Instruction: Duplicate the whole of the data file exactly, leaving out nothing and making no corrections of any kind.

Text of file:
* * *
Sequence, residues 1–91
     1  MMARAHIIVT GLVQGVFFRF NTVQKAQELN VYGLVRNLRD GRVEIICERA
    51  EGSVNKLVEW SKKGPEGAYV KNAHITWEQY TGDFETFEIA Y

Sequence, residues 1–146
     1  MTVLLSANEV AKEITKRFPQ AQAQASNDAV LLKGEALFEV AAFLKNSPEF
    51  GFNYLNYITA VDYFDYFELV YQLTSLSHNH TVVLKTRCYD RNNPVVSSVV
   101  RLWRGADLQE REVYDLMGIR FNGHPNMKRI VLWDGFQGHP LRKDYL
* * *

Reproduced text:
Sequence, residues 1–91
     1  MMARAHIIVT GLVQGVFFRF NTVQKAQELN VYGLVRNLRD GRVEIICERA
    51  EGSVNKLVEW SKKGPEGAYV KNAHITWEQY TGDFETFEIA Y

Sequence, residues 1–146
     1  MTVLLSANEV AKEITKRFPQ AQAQASNDAV LLKGEALFEV AAFLKNSPEF
    51  GFNYLNYITA VDYFDYFELV YQLTSLSHNH TVVLKTRCYD RNNPVVSSVV
   101  RLWRGADLQE REVYDLMGIR FNGHPNMKRI VLWDGFQGHP LRKDYL